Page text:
Optimal thyroid hormone functioning in the body extends beyond just the functioning of the thyroid gland itself. It starts in the brain with the Hypothalamus gland. The Hypothalamus senses when the metabolism needs to be “stoked” and will communicate with the pituitary gland. The pituitary gland then sends a message to the thyroid (via Thyroid Stimulating Hormone or TSH) to ramp up the production of thyroid hormone. Inside the thyroid gland, thyroid hormone production is kicked on. The thyroid focuses on two types of thyroid hormone , T4 (the majority) with some T3. T4 needs to be converted to T3 (active) to exert its metabolic effects on the body.
How do you know if hypothyroidism is an issue for you? Common symptoms include fatigue, weight gain, dry skin, feeling cold even when others feel fine. Fuzzy or foggy thinking and bowel movements that occur less than once per day.
When assessing thyroid function, it is important to not only check TSH levels, but one should also assess T4 and T3 levels (the actual thyroid hormone in the blood). Subclinical hypothyroidism often will show normal T4 and T3 but will have TSH levels that are high (>2.5 mIU/L)
Thyroid hormone dysfunction then can occur on many levels. It might be a breakdown of communication between the hypothalamus and the pituitary, or the pituitary and the thyroid. It can be linked to actual dysfunction of the thyroid where thyroid hormones are not being produced. It can occur from issues where conversion of T4 to T3 is not happening well. This conversion takes place in the liver and the cells of the body. It can also be from poor gut flora. Approximately 20% of the conversion of T4-T3 takes places in the gut. With the absence of healthy microflora, this conversion is hampered.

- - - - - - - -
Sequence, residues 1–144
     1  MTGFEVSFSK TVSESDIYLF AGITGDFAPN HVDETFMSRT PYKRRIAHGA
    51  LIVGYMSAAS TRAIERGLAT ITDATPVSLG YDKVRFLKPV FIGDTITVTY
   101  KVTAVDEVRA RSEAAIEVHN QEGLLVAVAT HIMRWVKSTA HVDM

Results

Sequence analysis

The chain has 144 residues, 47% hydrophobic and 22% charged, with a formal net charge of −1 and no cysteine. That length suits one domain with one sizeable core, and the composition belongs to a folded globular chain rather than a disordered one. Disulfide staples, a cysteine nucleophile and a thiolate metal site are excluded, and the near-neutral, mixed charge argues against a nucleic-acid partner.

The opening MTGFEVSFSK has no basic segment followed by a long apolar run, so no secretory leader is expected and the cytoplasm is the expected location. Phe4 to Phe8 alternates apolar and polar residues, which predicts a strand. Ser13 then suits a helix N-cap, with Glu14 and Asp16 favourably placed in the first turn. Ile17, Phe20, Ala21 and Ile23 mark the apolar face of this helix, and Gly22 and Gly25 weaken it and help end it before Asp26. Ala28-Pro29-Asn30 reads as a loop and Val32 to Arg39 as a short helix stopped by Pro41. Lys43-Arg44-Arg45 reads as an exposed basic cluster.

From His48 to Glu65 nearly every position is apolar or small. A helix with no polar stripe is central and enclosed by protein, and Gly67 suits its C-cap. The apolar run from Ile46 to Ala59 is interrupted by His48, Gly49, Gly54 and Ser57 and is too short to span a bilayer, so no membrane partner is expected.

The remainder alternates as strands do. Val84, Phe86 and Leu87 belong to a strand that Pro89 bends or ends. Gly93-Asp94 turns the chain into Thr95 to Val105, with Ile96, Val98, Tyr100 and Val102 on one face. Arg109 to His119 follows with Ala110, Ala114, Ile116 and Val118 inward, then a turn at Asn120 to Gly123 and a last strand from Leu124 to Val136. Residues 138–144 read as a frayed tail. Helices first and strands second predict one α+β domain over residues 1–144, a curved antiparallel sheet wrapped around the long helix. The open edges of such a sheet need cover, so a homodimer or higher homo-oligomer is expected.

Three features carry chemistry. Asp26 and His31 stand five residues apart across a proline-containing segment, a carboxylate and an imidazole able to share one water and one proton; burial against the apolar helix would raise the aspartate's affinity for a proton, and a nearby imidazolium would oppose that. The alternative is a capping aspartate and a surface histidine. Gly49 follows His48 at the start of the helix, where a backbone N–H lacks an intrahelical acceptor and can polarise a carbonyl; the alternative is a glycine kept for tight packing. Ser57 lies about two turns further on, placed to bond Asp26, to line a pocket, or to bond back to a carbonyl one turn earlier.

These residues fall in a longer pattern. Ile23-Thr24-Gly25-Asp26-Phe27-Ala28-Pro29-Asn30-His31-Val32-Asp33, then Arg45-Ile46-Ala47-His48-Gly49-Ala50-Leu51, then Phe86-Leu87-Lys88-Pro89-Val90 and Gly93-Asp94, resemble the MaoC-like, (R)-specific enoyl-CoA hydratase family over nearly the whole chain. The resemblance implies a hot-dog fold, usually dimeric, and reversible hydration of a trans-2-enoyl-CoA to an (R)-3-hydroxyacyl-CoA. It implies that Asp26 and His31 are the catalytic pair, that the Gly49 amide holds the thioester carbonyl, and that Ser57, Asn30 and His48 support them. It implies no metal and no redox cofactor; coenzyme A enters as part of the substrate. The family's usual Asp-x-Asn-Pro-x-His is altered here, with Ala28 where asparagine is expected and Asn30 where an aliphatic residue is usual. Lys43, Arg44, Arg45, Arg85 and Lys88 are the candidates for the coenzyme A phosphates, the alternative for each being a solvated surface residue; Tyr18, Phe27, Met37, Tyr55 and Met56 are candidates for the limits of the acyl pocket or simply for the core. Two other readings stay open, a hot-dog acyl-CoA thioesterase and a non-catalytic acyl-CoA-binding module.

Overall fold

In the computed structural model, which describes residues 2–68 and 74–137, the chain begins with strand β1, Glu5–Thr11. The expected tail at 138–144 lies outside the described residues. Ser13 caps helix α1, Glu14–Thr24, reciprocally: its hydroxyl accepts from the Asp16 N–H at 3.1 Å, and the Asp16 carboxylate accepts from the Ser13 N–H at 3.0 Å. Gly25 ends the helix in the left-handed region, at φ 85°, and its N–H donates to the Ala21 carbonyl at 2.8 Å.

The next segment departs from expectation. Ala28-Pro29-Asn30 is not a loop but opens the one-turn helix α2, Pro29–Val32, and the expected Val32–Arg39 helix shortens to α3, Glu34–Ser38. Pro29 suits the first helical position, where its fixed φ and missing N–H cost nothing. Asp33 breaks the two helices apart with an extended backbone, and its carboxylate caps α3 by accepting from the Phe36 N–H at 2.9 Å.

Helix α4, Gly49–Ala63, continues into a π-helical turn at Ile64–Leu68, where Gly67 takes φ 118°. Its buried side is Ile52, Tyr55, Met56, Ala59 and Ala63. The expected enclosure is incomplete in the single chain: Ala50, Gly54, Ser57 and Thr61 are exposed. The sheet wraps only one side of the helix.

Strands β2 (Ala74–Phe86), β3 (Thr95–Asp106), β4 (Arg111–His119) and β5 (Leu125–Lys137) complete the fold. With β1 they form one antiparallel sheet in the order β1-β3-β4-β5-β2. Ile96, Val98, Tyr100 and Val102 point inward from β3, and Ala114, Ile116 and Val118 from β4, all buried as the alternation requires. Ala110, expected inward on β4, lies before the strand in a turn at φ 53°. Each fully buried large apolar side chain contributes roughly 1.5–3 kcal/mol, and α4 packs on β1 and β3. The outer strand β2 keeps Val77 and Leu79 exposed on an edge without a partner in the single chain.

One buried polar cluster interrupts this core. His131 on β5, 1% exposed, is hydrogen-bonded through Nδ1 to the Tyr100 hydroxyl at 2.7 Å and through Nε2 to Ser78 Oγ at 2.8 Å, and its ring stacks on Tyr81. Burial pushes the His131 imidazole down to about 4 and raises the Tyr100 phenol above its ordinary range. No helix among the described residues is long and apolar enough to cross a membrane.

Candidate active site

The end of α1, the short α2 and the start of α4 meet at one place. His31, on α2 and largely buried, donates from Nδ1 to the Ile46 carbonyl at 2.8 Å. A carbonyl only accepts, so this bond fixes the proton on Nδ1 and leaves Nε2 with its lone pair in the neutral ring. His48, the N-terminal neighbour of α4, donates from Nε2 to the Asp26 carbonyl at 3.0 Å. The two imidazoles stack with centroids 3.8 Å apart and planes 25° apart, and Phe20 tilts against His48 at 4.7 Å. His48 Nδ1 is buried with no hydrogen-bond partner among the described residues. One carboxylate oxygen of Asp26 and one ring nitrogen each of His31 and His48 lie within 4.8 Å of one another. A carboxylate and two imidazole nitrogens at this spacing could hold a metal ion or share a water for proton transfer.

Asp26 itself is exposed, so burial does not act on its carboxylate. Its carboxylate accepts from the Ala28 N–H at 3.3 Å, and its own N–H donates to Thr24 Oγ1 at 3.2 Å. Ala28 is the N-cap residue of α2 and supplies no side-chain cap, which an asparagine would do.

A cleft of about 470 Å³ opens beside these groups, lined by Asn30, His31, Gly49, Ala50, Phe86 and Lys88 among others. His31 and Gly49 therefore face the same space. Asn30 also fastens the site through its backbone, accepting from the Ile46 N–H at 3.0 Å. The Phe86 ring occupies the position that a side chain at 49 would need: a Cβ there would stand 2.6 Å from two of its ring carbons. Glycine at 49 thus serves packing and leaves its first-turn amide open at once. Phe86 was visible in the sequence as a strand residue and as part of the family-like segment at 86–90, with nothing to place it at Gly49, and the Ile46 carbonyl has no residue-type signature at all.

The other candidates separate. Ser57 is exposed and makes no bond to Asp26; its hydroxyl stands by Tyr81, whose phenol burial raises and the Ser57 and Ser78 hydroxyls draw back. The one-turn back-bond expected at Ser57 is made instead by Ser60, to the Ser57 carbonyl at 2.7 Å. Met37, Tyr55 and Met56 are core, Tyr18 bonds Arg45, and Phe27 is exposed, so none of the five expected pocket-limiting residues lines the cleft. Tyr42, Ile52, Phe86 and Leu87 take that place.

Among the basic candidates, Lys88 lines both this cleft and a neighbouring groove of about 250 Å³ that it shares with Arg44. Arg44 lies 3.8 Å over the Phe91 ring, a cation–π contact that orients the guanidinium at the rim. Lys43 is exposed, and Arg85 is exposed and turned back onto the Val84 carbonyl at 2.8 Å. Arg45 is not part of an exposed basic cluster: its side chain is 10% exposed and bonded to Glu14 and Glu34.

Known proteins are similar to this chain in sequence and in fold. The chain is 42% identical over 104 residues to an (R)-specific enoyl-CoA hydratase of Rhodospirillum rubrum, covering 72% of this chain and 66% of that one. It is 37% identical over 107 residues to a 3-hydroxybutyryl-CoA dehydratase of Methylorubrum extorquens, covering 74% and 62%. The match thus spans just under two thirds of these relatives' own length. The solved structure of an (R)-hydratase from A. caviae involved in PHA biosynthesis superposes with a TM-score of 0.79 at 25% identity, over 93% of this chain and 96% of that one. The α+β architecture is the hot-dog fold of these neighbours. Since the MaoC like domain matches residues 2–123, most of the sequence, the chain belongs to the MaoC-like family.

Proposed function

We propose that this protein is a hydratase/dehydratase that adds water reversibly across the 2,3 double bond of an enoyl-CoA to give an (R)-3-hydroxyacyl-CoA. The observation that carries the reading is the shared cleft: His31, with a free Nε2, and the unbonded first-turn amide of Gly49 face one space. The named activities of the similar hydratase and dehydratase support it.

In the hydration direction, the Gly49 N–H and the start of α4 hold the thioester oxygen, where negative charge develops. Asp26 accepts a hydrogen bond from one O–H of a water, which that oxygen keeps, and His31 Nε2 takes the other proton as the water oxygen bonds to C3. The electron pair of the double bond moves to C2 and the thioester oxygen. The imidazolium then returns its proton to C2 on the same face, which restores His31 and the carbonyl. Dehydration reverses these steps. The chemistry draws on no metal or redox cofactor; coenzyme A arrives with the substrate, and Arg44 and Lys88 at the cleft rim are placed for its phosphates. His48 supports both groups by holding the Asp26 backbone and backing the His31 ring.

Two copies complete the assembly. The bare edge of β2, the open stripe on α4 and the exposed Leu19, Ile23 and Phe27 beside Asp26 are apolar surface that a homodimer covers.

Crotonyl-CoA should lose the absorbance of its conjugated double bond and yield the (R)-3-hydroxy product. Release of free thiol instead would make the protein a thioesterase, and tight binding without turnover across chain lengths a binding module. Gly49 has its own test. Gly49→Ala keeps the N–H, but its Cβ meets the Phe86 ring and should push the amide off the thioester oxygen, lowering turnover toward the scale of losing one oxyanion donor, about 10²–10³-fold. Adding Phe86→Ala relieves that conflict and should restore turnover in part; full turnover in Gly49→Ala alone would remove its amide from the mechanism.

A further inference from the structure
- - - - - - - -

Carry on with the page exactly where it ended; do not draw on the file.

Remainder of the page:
Dr. Daniel Amen describes the way hormones of our body interact with each other, comparing it to a symphony with the brain as the conductor. The different hormones, produced by different glands, all interact to produce a song. When one hormone gets out of balance, it can affect the “song” played by another. Cortisol, estrogen, testosterone, thyroid….they all affect each other.
Again, one of the most powerful mechanisms to bring hormones back into balance, including thyroid hormone, is to learn to manage our stress better. Do you take time daily to exercise your body? It is important to find the balance between enough exercise and excess exercise. Too much will stress the H-P-A access of the body and backtrack your progress. Do you take time to meditate and relax the body? Guided visualization, deep breathing, and yoga are other great practices to teach one how to relax the body, slowing down the heart rate and breathing.
Good nutrition is also important. Copper, zinc, selenium, iron, and vitamin A and Vitamin D are important nutrients for thyroid help. Be careful of iodine. If you have Hashimoto’s thyroiditis, iodine will actually aggravate the autoimmune response. If you have Hashimoto’s thyroiditis it is imperative that you avoid gluten, as this is a trigger for the autoimmune response. Some people may need more help to overcome their diminished thyroid function. This might include thyroid glandulars such as Armour, or prescriptions of T4 or T3 or T4/T3 combination. Work closely with your physician to determine the right dose for you.
Rachel Haines is a certified Body Code practitioner and also a registered dietitian. She works via phone consults and also video streaming with clients all over the US. Using applied kinesiology, she determines energetic imbalances that are contributing to diminished physical or emotional health. If you feel stuck and would like to delve deeper into an issue with your thyroid, or any other physical or emotional issue plaguing your life, contact her at firstname.lastname@example.org to set up an appointment. God bless you in your efforts!
(first published March 2015; picture from ronnyallen.com)